Trinity Wall Street stands among skyscrapers in New York’s financial district. Thanks to a 1697 charter from King William III of England, Trinity owns considerable property in the area, and uses a large share of the proceeds from rents and development to fund grants to projects in four areas: Housing and Homelessness, Racial Justice, Mission Real Estate Development, and Leadership Development.

[The Episcopal News] Trinity Church Wall Street has awarded a one-year $85,000 grant to Bloy House, the Episcopal Theological School at Los Angeles, to develop leadership engagement across political and ideological differences.

The growing political divide in the nation and even among some churches and their members, inspired the Very Rev. Gary Hall, Bloy House president, to apply for the grant, he told The Episcopal News recently in a telephone interview from New York City.

“I’ve been increasingly concerned in the last two decades that The Episcopal Church is really losing conservatives,” Hall said. “We’ve always prided ourselves on being a comprehensive church in theology and churchmanship and politics. We’ve had conservative members, liberal members. My concern is that we find a way, to the extent that we can, to keep conservatives in the church and to keep a broad perspective theologically and politically. There’s a sense we’re becoming more narrowly progressive.”

Hall noted in the grant application that The Episcopal Church, along with all mainline denominations, is experiencing decline in measurable ways: church starts, attendance, and numbers of pledges.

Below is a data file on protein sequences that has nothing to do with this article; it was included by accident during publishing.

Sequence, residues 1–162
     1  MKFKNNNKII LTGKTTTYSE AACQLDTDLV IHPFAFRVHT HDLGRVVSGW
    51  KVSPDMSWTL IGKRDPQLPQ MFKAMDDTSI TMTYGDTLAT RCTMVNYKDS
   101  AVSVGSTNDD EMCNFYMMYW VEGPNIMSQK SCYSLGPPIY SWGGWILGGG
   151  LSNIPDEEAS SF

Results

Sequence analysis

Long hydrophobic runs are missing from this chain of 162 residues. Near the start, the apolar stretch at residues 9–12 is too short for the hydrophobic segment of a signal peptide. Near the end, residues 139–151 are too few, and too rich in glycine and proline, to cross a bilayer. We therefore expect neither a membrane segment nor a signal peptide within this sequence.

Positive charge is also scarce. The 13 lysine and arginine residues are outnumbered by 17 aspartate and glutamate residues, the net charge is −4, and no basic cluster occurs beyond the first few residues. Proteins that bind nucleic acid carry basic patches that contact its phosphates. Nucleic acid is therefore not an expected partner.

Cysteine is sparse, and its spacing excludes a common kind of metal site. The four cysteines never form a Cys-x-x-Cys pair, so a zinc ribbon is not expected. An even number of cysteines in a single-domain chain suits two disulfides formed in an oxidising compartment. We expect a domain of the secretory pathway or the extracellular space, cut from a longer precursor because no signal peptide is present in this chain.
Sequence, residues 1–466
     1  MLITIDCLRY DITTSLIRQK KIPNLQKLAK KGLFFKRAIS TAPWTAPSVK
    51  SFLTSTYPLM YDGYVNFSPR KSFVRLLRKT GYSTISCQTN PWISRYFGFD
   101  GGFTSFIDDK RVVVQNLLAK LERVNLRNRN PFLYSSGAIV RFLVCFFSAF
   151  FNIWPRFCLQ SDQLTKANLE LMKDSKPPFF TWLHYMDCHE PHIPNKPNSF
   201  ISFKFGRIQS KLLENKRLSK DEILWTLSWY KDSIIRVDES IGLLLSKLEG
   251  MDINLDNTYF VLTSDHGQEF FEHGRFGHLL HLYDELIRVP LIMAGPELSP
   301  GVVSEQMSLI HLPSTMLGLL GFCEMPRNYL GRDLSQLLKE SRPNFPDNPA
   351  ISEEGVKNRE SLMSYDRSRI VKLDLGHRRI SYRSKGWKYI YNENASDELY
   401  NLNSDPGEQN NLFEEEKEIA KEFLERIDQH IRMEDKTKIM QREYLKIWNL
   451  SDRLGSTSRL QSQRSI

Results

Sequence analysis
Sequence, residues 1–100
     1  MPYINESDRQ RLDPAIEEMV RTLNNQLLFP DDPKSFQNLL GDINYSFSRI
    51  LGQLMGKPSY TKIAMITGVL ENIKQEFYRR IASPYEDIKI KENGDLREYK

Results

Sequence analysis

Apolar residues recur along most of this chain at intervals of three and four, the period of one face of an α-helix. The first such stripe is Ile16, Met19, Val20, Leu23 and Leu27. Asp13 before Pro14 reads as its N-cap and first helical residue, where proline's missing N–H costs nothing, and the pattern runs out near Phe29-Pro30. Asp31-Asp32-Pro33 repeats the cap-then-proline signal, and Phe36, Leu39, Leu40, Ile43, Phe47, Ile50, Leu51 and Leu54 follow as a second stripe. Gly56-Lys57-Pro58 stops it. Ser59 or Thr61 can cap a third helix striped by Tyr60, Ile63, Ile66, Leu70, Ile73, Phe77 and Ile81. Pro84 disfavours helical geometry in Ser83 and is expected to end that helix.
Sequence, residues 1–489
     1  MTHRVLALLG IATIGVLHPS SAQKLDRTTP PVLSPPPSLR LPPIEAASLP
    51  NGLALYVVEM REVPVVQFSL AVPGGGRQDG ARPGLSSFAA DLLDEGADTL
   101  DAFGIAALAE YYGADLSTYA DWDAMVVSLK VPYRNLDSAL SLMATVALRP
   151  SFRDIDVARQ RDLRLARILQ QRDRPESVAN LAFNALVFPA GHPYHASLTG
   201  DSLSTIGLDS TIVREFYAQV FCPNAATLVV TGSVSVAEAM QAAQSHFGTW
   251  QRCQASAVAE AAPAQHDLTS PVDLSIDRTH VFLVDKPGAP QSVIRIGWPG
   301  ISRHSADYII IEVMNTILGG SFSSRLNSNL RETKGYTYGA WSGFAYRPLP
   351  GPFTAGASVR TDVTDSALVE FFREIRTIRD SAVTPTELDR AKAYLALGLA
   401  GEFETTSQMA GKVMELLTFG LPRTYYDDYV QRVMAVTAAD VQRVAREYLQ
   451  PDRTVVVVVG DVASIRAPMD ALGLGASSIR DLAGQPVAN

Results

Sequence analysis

“Clergy are retiring early or leaving their posts for other work,” he wrote. “Bishops report an increasing amount of their time and resources given to rector/vestry conflict. While the project will not reverse those trends, it seeks to address the leadership side of the equation.”

Often clergy feel ill-equipped to deal with congregational conflict about political or ideological issues, added Hall, a seminary professor and administrator.

Then-interim Dean Gary Hall of Bloy House speaks at the 2021 Diocesan Convention. He now serves as the theological school’s president. Photo: Janet Kawamoto

Bloy House will partner with Grand Rapids, Michigan-based The Colossian Forum, a 13-year-old agency that equips Christians to transform conflict into opportunities for spiritual growth, according to Jess Shults, the organization’s chief partnerships officer. The Forum also received a grant from Trinity Church Wall Street.